The effect of a first backcross. Now imagine taking, at random, half the cards out of the ones you’ve spread on the table and replacing them with a new pack of chimp cards, so that only about 1/4 of the remaining cards spread on the table are pig cards. It now will be harder to find pig cards, but it can still be done with a reasonable amount of ease.

The effect of a second backcross. You take, at random, half the cards out of the ones you’ve spread on the table and replace them with a new pack of chimp cards so that only about 1/8 of the remaining cards spread on the table are pig cards. It now will be even harder to find pig cards, but it can still be done.

The effect of a third backcross. You take, at random, half the cards out of the ones you’ve spread on the table and replace them with a new pack of chimp cards so that only about 1/16 of the remaining cards spread on the table are pig cards. It now will be even more difficult to find pig cards, but it can still be done.

The effect of ignorance (The exact history of the process is unknown). Now suppose that you don’t know exactly how many times this repetitive process of backcrossing occurs, that is, how many times half the cards are taken out and replaced with a chimp pack, so that you don’t know exactly what fraction of the cards are likely to be from the original pig pack. The effect of this ignorance is that you cannot be sure exactly how thoroughly you will have to search before you can feel confident that no pig cards are on the table. Indeed, the only way you could be really sure would be to pick up every card.

The effect of recombination (gene conversion) during backcrossing. Now imagine that the cards were magical and that during each of the preceding steps some of the numbers on the pig cards changed to match numbers on the chimp cards so that the cards were really derived from the pig pack, but their numbers had been changed to chimp numbers.

The effect of recombination (gene conversion) during subsequent generations. Now imagine that the cards on the table go through a repeated process in which, during each round of the process, many pig cards get their numbers converted to chimp numbers and a few chimp cards get their numbers changed to pig numbers. That is, since the great majority of the DNA in a hybrid derived from multiple backcrosses to chimpanzee would be chimp-derived DNA, most conversions would be toward chimp.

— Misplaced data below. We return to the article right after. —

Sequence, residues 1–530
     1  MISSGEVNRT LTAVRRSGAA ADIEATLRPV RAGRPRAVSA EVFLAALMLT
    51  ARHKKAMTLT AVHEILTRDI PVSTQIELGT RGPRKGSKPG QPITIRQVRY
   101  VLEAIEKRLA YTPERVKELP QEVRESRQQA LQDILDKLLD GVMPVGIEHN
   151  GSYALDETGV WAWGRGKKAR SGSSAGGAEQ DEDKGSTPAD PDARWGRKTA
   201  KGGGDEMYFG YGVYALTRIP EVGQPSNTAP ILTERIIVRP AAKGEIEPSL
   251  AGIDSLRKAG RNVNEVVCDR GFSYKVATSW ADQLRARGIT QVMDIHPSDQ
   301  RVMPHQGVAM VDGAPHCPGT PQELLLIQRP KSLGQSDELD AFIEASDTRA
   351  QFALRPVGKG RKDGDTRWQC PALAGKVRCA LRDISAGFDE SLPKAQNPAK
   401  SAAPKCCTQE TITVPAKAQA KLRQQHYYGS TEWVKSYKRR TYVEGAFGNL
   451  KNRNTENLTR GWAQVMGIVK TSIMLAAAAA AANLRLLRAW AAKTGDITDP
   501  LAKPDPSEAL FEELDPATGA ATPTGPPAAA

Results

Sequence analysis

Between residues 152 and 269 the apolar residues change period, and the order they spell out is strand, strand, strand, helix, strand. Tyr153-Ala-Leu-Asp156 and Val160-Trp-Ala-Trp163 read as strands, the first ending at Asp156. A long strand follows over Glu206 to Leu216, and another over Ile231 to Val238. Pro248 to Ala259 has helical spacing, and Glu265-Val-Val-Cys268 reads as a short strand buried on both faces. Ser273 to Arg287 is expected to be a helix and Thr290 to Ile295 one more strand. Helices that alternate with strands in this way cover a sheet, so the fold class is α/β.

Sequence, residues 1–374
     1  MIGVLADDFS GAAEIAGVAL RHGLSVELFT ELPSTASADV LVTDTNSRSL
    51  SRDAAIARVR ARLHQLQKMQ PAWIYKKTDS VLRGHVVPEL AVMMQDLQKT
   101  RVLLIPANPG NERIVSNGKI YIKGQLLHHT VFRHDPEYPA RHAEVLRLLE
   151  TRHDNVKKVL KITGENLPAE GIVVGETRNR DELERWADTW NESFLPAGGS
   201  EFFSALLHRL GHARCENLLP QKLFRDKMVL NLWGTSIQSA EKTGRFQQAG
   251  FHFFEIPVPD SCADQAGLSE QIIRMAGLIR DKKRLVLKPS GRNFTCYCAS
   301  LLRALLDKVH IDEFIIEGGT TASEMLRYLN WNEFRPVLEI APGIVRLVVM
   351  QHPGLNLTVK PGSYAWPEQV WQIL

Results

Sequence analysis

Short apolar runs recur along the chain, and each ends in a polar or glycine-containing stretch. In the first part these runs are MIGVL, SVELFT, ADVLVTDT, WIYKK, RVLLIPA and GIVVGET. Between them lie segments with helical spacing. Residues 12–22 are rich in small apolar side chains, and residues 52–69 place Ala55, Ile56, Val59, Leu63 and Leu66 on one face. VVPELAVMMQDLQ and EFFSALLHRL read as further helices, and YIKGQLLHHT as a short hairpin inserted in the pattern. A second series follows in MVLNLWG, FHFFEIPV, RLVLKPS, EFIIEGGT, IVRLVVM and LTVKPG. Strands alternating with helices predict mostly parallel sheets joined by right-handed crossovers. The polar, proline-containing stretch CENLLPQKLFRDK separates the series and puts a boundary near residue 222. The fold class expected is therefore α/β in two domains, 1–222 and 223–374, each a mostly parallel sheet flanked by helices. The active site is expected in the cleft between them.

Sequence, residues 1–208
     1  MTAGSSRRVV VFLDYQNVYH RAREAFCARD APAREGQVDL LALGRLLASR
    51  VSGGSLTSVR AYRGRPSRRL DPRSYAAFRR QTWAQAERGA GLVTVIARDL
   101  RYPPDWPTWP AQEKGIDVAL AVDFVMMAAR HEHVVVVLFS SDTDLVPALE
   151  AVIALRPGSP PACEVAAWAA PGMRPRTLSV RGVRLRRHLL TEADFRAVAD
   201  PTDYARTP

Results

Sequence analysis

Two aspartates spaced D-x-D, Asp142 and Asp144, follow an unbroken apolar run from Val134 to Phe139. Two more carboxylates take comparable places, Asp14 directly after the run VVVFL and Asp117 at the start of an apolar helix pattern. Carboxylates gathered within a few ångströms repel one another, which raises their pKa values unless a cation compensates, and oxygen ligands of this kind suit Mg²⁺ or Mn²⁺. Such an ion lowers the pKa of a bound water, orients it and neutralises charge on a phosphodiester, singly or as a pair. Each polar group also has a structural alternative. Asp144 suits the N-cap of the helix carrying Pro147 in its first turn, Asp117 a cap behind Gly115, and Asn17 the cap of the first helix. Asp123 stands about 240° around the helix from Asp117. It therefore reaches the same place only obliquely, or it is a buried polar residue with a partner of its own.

The effect of thouands of generations of meiosis and gene conversion. Now imagine that this process of recombination and gene conversion is repeated many thousands of times.

The effect of thousands of generations of point mutation. Now imagine that throughout each of those thousands of repetitions, at any given stage, that for each of the cards, there is a small chance that a digit in the number on that card will change to some other digit.

The effect of representing ancient genomes with modern genomes. Now imagine that your list of pig numbers was based not on the actual pig pack that was put in at beginning of this process, but upon a pack that someone gave you who said he thought it was similar to the original pack, but that he didn’t really know exactly how similar it might be.

The effect of a large haystack. Now imagine that there were not 52 cards in each pack, but many millions. The human, pig and chimpanzee genomes all contain on the order of 3,000,000,000 nucleotides, and it is unknown which of those nucleotides should be compared in order to evaluate this hypothesis.

Not a cakewalk.

Indeed, comparative anatomy is a much easier and far more telling method of evaluating this question. I have already made the evidence from that source available.